The spotted leaf lesion mimic trait simulates cell death in a plant responding to pathogen infection. Some spotted leaf genes are recessive, while others are dominant. A small number of plants with a lesion mimic phenotype appeared in a segregating population obtained by crossing two normal green wheat strains, XN509 and N07216. Here, we clarified the genetic model and its breeding value. Phenotyping of the consecutive progeny populations over six cropping seasons showed that the spotted leaf lesion mimic phenotype was controlled by a dominant gene designated TaSpl1, which was inhibited by two other dominant genes, designated TaSpl1-I1 and TaSpl1-I2. Using bulked segregant analysis RNA-seq (BSR-Seq) and newly developed KASP-PCR markers, the TaSpl1 and TaSpl1-I1 loci in N07216 were mapped to the end of chromosomes 3DS and 3BS, respectively. Plants with the spotted phenotype showed lower levels of stripe rust and powdery mildew than those with the normal green phenotype. Compared with normal leaves, the differentially expressed genes in spotted leaves were significantly enriched in plant-pathogen interaction and endocytosis pathways. There were no differences in the yield parameters of the F5 and F6 sister lines, N13039S with TaSpl1 and N13039 N without TaSpl1. These results provide a greater understanding of spotted leaf phenotyping and the breeding value of the lesion mimic allele in developing disease-resistance varieties.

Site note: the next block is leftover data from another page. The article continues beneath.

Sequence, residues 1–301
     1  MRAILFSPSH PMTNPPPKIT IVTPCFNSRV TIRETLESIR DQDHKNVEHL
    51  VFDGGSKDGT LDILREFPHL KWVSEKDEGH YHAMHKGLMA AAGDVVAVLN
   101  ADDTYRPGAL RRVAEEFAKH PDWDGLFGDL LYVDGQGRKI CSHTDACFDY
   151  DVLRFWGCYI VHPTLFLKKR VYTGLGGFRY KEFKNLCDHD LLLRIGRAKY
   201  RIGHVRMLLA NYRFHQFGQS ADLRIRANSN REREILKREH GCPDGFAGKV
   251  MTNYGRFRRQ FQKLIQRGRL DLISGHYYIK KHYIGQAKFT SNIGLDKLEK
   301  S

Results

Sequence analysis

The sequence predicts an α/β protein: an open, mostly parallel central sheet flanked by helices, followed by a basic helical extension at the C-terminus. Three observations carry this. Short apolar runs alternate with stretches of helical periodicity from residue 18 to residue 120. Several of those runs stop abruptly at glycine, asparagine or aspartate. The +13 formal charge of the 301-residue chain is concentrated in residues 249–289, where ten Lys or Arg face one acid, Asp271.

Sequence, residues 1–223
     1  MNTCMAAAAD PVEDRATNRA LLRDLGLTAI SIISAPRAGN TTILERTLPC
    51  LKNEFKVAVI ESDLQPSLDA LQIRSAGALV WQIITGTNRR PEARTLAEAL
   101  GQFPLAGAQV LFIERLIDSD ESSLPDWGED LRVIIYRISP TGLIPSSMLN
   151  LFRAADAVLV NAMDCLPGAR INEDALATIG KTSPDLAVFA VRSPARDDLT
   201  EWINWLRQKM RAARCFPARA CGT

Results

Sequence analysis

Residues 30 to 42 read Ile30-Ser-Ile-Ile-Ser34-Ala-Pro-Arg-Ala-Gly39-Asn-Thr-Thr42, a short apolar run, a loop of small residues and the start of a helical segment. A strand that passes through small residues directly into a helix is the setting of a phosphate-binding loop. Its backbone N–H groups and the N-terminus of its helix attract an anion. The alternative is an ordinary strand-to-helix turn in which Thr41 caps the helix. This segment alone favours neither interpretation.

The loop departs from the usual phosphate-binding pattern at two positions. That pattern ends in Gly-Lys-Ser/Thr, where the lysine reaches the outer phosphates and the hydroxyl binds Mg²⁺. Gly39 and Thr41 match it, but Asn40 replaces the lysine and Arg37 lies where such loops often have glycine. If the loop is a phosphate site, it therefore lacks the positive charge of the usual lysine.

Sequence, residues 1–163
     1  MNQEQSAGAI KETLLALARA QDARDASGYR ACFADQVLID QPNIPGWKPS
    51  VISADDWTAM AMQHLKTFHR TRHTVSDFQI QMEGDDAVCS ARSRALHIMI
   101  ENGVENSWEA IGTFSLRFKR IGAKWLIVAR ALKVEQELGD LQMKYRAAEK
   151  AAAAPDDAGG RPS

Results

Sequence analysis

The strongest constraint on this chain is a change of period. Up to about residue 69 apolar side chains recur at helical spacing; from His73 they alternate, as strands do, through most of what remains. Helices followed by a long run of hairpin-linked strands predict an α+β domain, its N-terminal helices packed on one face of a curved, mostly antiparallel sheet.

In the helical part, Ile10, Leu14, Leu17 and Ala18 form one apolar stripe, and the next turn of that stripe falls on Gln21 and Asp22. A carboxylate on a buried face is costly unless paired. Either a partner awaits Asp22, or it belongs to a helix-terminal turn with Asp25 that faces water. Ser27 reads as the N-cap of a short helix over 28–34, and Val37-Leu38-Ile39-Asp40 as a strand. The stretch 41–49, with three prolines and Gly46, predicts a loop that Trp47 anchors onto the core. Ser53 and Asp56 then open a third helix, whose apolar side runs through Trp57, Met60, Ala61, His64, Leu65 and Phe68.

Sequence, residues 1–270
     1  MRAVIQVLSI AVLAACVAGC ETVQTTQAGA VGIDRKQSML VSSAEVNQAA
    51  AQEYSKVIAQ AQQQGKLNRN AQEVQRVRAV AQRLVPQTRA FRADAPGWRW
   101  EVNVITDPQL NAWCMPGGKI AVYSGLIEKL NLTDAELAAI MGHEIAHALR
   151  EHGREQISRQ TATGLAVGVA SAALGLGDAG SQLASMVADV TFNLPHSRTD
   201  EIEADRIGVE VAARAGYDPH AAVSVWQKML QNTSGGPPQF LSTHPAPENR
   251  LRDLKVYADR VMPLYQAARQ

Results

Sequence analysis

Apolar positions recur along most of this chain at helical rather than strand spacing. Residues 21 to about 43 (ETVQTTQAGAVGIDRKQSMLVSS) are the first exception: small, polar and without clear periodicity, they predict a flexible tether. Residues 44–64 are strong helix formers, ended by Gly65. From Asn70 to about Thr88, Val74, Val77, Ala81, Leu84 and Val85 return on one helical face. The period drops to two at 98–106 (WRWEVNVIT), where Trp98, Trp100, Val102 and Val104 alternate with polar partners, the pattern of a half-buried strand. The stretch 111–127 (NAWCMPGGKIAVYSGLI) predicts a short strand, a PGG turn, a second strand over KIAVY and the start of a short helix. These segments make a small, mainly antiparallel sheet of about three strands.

Keywords: Disease resistance; Endocytosis; Inhibitors; Spotted leaf; Wheat.
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